Environment minister visits Loch Arkaig Pine Forest

Environment Minister Mairi McAllan meets Tarzan the logging horse at Loch Arkaig Pine Forest. Photograph: John MacPherson/WTML. NO F12 Tarzan 07
Environment Minister Mairi McAllan meets Tarzan the logging horse at Loch Arkaig Pine Forest. Photograph: John MacPherson/WTML. NO F12 Tarzan 07

Want to read more?

We value our content and access to our full site is only available with a  subscription. Your subscription entitles you to 7-day-a-week access to our website, plus a full digital copy of that week’s paper to read on your pc/mac or mobile device.  In addition, your subscription includes access to digital archive copies from 2006 onwards.

Just want to read one issue? No problem you can subscribe for just one week (or longer if you wish).

Already a subscriber?


Problems logging in and require
technical support? Click here
Subscribe Now

Scottish Environment and Land Reform minister Mairi McAllan was in Lochaber last week for a visit to Loch Arkaig Pine Forest, near Spean Bridge, to view work on one of the biggest Caledonian pinewood restorations ever attempted.

Loch Arkaig Pine Forest has two of just 84 remaining fragments of ancient Caledonian pinewood in Scotland.

Its ancient, wide-crowned ‘granny’ pines were in danger of dying out without reproducing – squeezed out by non-native commercial conifers planted in the 1960s.

Some 70,000 tonnes of mainly Sitka spruce and lodgepole pine is to be removed over the next five years to allow the remaining Scots pine and other native trees to repopulate the landscape. Felling and extraction of non-native timber started over the winter.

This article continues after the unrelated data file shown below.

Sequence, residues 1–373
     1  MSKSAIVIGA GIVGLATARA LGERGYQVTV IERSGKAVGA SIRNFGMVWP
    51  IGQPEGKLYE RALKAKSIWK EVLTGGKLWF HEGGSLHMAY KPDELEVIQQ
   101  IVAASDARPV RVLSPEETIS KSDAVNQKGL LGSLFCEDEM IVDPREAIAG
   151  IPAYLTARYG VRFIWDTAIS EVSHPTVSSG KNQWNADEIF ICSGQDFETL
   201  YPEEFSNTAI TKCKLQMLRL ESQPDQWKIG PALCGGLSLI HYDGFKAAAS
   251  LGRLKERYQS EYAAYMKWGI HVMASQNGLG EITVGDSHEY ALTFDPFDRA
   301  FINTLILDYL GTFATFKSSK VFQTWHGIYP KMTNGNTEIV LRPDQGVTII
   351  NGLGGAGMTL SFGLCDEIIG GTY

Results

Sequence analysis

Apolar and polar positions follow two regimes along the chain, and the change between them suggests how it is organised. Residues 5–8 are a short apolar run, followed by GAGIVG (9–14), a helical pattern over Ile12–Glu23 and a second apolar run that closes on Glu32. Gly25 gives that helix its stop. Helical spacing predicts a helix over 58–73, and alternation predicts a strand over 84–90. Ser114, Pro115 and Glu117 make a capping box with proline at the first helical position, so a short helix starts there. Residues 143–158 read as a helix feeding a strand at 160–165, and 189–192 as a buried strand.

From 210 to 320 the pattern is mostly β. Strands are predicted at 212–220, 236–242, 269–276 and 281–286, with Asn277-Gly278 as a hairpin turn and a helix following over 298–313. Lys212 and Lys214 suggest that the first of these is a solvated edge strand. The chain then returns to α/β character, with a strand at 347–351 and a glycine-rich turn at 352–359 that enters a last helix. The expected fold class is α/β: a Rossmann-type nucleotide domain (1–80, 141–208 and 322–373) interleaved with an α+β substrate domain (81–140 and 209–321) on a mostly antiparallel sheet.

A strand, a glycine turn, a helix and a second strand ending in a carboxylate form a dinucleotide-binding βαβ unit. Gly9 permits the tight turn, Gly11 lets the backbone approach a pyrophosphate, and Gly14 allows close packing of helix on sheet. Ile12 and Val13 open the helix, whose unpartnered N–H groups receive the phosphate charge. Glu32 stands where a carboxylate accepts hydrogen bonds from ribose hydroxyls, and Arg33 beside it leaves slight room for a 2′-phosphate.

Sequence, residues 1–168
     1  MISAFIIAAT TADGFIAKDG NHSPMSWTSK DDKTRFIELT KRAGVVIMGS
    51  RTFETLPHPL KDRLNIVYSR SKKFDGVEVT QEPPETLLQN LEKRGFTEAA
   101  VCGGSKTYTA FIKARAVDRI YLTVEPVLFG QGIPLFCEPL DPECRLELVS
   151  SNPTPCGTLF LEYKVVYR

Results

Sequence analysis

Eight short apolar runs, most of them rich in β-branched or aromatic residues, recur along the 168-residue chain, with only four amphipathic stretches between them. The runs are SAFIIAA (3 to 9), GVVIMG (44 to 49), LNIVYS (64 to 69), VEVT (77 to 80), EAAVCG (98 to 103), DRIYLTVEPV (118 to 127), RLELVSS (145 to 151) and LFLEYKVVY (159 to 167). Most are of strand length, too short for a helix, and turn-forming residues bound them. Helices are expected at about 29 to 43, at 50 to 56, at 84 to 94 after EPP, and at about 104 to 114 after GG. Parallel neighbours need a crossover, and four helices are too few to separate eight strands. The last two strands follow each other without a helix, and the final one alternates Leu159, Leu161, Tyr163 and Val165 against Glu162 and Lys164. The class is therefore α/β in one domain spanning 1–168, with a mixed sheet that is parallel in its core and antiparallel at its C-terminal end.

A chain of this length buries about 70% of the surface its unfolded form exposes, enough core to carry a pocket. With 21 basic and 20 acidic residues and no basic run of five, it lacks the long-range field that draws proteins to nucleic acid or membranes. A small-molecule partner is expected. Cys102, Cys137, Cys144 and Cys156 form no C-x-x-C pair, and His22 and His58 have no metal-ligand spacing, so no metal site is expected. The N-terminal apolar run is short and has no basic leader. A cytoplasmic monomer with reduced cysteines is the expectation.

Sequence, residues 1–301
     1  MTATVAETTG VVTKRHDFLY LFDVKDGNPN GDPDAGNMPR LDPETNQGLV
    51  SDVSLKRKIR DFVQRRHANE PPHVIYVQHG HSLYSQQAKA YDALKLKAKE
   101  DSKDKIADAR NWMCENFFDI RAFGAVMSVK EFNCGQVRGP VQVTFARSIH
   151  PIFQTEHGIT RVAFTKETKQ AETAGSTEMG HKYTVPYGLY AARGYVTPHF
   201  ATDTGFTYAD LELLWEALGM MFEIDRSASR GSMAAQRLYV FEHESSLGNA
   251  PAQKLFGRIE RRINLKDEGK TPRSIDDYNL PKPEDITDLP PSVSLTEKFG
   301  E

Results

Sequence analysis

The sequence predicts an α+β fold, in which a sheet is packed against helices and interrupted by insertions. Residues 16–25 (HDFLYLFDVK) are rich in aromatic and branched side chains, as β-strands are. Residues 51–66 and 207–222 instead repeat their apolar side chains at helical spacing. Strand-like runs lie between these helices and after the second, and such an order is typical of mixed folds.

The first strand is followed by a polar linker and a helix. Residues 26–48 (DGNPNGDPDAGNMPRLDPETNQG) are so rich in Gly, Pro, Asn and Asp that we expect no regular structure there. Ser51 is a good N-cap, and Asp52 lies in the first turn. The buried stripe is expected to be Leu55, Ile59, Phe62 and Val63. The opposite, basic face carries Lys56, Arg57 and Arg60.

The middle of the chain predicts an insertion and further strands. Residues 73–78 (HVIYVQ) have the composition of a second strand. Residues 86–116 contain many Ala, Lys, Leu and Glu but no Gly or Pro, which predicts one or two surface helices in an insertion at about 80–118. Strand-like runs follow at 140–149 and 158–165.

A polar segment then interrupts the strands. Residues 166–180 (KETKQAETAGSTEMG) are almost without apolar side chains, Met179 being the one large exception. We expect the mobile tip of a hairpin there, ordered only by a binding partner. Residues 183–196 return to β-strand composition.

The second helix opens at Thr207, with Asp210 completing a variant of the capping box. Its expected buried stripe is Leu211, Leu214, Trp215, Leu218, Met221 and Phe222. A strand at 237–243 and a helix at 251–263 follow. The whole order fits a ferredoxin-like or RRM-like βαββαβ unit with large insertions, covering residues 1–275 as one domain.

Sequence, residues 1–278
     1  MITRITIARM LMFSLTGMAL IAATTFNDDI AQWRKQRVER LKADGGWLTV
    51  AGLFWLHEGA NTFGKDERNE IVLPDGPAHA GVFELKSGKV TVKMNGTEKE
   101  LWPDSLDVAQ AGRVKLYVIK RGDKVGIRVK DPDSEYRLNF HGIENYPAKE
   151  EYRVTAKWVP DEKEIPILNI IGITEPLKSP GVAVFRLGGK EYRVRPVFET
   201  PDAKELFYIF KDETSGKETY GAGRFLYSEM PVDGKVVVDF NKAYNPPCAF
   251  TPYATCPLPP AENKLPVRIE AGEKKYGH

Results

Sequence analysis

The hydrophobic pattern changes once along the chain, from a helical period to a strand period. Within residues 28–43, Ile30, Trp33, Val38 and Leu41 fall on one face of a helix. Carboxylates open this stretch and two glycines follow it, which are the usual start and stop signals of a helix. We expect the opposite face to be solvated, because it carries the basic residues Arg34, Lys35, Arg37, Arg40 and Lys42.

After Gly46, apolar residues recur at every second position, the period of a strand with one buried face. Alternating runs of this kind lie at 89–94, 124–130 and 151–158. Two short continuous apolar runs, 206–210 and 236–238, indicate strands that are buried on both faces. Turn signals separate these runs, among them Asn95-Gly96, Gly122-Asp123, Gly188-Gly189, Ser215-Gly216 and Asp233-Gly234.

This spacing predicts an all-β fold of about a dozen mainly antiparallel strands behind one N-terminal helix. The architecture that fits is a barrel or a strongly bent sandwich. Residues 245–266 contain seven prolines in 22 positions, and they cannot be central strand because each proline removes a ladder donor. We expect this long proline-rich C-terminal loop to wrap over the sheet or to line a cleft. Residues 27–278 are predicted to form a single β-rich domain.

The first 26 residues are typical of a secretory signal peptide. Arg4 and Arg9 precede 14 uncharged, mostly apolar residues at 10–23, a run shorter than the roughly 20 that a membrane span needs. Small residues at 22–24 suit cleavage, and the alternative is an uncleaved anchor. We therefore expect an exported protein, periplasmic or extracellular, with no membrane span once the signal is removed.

Woodland Trust Scotland and Arkaig Community Forest bought the site in 2016 from Forest Enterprise Scotland under the National Forest Land Scheme.

Their aim is to restore native woodland habitats; reconnect local people with the management and stewardship of the site; and use the woods to underpin sustainable rural development in the nearby communities of Achnacarry, Bunarkaig and Clunes.

‘This is an extraordinary and beautiful woodland,’ Ms McAllan said. ‘It has been fascinating to see the partnership work being done here by Arkaig Community Forest and Woodland Trust Scotland.

‘Their restoration efforts are helping to support biodiversity, reduce nature loss, protect our environmental heritage and create a unique resource for local communities. I was particularly pleased to see an example of horse logging, a sustainable and traditional forestry skill, and to stand in a small ravine containing a pocket of Scotland’s stunning rainforest.

‘The partnership at Loch Arkaig Pine Forest shows that collective working with local communities is producing benefits for all. It is a fine example of people and environment living and working in harmony which I hope will be followed by others.’

The minister viewed the forest from a boat on Loch Arkaig before landing to see felled timber being extracted by Tarzan the logging horse with his handler Simon Dakin.

She also toured other parts of the site and met with Woodland Trust Scotland staff and a member of Arkaig Community Forest.